Common Nighthawk

At dusk during the summer the silence is broken by loud “booming” sounds as medium-sized birds begin to fly erratically around the pastures surrounding our house. The source of this unusual noise is the common nighthawk (Chordeiles minor), which resembles a large bat as it flits to and fro.

The common nighthawk flies to a moderate height then dives to the ground. Five or six feet above the ground it suddenly turns upward, flexing its wings downward at the same time. This causes air to vibrate through the primary feathers causing the deep “boom” sound. Truthfully, although the sound is described as a “boom” in the guide books and literature, it sounds more like a loud “whoopie cushion” to me. The male makes this courting display to attract females during the breeding season. Later in the summer the booming dive is directed at young nighthawks, intruders and even humans. For me the nighthawk booms are a sound of summer.

Common nighthawks, also called bullbats, are largely nocturnal and well camouflaged during the day. Therefore they are not as well studied and understood as other birds. Normally solitary, nighthawks will forage or migrate in small groups of two or three. (Usually in the evening we see several flying in various parts of our fields.)

Common nghthawks are black to paler brownish-gray on the upper parts while the underparts are barred blackish-brown to white/buff. The color patterns camouflage the nighthawk during the day as it perches. Males have a white throat patch, a white subterminal tailband and a white primary patch halfway from the bend of the wing to the wing tip. Females have a buff throat patch, no tail band and a smaller primary patch on the wings. The short legs and small feet reflect its aerial lifestyle. The wings are long and pointed and the tail is notched. Although the bill of a nighthawk is small, the gape is wide and opens into a cavernous mouth. Insects are engulfed in this huge mouth and swallowed whole.

A resident of open grasslands, the common nighthawk is an insectivore eating moths, beetles, and cicadas as well as other nocturnal insects.

Common nighthawks are strongly migratory, spending winters in Argentina and Brazil and the breeding season throughout North America. Nighthawks are one of the later birds to arrive in our area (Modoc County CA), usually making their appearance in early June.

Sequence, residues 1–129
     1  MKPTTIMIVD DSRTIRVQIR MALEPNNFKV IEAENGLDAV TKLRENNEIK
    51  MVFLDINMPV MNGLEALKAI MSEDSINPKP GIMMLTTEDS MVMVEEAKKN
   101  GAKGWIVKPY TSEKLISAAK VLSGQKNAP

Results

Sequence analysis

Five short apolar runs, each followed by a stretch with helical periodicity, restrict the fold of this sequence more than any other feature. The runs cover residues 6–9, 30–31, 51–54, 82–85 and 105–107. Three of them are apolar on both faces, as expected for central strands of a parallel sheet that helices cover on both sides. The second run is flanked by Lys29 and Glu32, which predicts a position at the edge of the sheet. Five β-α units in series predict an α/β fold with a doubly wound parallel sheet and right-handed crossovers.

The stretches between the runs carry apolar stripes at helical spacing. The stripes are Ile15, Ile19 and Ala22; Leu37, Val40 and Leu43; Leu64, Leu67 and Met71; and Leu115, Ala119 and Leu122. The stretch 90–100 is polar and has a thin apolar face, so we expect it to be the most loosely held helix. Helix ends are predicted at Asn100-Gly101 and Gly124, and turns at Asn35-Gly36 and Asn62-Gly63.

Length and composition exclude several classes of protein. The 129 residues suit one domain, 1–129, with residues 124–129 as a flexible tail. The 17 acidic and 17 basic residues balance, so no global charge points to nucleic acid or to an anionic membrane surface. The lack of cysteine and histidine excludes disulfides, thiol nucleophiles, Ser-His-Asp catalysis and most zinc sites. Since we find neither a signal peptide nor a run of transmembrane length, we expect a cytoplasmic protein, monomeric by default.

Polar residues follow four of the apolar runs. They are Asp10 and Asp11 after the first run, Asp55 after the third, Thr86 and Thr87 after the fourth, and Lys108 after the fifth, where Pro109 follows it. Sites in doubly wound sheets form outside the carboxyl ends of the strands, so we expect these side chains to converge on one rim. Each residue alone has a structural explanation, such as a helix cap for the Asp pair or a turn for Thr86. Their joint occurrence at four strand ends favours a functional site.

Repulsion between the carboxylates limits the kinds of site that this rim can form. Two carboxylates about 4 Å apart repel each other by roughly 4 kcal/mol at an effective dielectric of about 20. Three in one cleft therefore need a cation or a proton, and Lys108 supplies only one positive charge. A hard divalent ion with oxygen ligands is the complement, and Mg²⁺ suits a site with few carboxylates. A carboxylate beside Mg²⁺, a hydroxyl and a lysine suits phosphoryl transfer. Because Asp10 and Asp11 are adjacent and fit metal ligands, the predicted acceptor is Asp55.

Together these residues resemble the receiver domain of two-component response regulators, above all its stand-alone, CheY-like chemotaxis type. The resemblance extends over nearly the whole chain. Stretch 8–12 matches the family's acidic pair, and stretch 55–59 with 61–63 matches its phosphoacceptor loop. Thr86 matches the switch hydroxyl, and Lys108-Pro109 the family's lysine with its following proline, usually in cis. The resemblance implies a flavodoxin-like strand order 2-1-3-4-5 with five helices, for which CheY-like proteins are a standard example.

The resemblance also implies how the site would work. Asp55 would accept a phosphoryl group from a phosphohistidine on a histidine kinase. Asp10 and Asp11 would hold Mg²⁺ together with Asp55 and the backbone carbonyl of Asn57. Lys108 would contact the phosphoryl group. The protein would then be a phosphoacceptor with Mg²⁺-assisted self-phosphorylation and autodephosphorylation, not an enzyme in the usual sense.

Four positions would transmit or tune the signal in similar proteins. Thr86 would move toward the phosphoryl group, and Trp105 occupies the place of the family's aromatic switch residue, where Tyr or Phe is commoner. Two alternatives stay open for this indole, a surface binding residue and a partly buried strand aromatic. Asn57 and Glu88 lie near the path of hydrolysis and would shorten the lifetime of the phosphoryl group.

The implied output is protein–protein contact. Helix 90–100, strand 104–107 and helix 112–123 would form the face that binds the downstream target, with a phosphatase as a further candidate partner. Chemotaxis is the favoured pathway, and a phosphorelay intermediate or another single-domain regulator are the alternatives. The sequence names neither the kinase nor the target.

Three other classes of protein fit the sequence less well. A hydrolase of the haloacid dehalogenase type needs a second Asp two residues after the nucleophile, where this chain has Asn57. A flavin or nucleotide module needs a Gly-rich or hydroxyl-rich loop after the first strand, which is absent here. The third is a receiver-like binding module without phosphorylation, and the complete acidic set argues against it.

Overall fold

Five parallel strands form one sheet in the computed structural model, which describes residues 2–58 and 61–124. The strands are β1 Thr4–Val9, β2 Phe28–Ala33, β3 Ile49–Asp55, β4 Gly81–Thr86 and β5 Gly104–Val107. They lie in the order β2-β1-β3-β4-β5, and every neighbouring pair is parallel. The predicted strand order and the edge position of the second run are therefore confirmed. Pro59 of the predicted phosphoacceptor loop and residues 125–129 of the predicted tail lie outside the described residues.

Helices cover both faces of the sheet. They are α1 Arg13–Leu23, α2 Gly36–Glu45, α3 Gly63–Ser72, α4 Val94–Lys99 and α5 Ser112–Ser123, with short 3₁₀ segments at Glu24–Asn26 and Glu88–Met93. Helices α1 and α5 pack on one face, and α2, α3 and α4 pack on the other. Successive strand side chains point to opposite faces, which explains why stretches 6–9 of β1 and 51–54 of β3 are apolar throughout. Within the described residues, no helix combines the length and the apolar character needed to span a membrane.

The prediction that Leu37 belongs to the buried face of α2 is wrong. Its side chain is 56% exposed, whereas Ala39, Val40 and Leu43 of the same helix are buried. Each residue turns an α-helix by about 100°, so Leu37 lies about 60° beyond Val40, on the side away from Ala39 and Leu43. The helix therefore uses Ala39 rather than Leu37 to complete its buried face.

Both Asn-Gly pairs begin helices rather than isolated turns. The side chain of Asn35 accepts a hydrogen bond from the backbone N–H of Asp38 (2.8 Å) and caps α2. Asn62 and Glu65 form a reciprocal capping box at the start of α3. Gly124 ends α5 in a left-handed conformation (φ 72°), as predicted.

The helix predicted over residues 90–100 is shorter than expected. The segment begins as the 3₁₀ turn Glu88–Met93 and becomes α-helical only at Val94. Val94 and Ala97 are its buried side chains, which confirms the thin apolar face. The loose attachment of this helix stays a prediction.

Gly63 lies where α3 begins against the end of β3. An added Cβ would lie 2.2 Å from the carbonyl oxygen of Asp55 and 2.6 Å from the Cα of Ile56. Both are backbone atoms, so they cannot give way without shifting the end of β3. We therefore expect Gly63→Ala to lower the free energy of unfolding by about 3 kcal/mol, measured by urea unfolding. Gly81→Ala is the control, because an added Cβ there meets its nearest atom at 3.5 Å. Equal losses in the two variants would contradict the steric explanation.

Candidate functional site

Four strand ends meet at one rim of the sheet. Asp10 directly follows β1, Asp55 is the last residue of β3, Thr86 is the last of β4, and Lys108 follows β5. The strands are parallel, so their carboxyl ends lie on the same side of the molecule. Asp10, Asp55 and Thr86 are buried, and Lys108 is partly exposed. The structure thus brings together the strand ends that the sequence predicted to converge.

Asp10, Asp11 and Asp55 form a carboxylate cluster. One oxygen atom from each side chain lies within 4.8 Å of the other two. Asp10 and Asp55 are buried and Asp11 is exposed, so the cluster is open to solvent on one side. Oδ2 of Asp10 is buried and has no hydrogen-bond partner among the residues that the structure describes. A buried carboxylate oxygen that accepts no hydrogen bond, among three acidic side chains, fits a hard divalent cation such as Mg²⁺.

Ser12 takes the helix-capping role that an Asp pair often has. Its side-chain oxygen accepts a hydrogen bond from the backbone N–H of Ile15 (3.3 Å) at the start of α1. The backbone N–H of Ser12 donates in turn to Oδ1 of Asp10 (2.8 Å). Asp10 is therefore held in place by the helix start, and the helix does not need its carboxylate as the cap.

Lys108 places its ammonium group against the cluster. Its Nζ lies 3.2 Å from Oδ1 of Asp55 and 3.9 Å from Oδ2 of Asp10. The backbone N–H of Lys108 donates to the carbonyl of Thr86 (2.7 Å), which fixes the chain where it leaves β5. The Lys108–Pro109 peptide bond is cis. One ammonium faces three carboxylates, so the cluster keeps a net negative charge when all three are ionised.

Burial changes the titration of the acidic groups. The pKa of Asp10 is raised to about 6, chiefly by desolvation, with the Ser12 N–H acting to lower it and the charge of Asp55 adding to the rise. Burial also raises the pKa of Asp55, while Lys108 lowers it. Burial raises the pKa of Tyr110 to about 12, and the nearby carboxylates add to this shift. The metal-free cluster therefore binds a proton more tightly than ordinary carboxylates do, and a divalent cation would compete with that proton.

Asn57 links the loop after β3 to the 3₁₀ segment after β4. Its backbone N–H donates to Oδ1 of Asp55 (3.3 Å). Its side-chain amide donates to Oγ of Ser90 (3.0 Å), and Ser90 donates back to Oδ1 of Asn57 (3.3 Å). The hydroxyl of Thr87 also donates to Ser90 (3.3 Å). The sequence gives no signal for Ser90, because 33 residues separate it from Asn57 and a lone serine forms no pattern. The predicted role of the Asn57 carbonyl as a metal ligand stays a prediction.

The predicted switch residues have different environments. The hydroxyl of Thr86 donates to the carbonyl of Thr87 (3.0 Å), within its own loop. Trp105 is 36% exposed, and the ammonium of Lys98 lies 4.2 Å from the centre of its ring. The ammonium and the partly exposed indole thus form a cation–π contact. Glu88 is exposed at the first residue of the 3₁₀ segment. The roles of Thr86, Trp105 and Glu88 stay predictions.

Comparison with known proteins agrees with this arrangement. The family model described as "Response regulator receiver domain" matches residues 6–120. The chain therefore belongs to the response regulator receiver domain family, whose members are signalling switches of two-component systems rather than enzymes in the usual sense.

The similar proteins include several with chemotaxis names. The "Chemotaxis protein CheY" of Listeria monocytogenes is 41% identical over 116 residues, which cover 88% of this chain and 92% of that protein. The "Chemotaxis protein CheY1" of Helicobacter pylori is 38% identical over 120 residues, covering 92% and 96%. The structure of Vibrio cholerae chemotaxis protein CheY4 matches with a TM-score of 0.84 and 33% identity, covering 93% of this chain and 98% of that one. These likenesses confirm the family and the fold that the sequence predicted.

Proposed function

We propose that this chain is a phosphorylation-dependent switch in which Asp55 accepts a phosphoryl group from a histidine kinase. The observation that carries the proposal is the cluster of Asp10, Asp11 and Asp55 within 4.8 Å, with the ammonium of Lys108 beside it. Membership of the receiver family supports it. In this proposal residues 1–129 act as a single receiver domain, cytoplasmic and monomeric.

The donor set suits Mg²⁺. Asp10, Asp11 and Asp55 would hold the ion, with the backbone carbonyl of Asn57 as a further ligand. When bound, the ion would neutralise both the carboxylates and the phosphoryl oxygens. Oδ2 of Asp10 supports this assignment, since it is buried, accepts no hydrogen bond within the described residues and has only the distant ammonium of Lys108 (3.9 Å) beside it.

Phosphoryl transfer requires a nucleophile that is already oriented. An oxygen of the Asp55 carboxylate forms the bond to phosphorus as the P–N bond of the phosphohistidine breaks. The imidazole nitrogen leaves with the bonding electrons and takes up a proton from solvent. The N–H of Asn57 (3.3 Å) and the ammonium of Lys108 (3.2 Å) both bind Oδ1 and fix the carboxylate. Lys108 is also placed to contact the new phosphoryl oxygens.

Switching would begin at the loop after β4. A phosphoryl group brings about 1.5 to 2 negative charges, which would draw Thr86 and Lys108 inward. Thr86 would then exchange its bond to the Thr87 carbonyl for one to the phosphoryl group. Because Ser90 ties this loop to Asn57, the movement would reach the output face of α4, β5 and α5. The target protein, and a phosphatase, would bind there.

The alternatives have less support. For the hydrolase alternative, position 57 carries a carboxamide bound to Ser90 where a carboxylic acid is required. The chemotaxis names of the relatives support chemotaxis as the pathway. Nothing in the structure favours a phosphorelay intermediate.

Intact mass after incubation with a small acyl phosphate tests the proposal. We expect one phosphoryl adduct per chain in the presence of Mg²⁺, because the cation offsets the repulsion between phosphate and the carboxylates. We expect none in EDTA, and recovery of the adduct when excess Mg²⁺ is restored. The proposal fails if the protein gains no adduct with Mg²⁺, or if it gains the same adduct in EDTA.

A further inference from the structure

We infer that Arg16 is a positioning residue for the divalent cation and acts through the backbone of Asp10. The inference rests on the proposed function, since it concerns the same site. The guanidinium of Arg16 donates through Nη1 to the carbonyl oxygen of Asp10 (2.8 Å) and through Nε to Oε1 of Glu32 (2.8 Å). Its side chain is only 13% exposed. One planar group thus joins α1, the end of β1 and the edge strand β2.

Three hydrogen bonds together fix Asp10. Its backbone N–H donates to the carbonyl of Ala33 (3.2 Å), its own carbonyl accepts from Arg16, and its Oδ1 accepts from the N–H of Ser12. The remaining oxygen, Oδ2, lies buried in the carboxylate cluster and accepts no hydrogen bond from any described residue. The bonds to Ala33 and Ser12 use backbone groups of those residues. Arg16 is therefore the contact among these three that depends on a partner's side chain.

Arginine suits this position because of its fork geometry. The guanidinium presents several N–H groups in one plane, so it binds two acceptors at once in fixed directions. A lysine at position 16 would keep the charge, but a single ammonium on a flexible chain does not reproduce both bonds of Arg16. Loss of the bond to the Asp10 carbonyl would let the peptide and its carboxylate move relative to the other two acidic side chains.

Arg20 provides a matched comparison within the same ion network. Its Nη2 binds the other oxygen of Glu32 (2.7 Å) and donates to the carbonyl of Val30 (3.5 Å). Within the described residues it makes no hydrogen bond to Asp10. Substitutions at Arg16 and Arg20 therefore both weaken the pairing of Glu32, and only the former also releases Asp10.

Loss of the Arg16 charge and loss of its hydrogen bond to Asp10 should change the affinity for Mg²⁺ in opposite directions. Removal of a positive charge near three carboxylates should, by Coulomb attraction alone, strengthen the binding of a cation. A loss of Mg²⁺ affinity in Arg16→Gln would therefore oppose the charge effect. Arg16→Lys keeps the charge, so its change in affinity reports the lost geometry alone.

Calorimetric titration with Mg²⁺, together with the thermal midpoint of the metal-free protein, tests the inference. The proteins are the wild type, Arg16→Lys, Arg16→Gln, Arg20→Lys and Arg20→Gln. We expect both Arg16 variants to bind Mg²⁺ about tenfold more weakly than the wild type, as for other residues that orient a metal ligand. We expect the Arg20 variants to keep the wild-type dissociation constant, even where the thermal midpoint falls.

An interesting bit of folklore: Nighthawks belong to the family Caprimulgidae, which also includes nightjars. All the members of this family are collectively called goatsuckers. Because of their nocturnal and secretive habits, huge mouths, strange vocalizations and tendency to forage around livestock, these birds were thought to suckle goats. Over time this superstition became widespread and even today the caprimulgids are called goatsuckers.

We see and hear common nighthawks almost every night during the summer. However, because they are nocturnal, fly so erratically and are well hidden during the day I have been unable to get any pictures of nighthawks. I was lamenting to Leonard the fact that I could not get a nighthawk picture when, sadly, a friend came by the next day with a dead nighthawk. He hit it while driving the previous night (County Road 91 near Lookout CA) and wanted Leonard to identify the bird for him. Unfortunately that was not how I wanted to get a common nighthawk picture. With a buff throat patch and no tail band, this is a female specimen.

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2 Responses to Common Nighthawk

  1. Too bad! I love nighthawks and all their caprimulgiform relatives—such crazy-looking birds. I think their weirdest relative has to be the Oilbird: lives in caves, eats fruit so oily that natives used to burn dead ones as candles, and navigates by echolocation.
    That’s a nice specimen. If you still have it, consider donating it to a university museum such as the Museum of Vertebrate Zoology at UC Berkeley.


    • gingkochris says:

      I never heard of the oilbird before, so I hit the books – what a wonderful, fascinating bird. Oh, to someday be able to see some of the exotic tropical birds. . . and flowers, and trees, and insects, and, and, and. . . I never thought of donating some of the roadkill specimens that end up in my freezer. Thanks for the suggestion!


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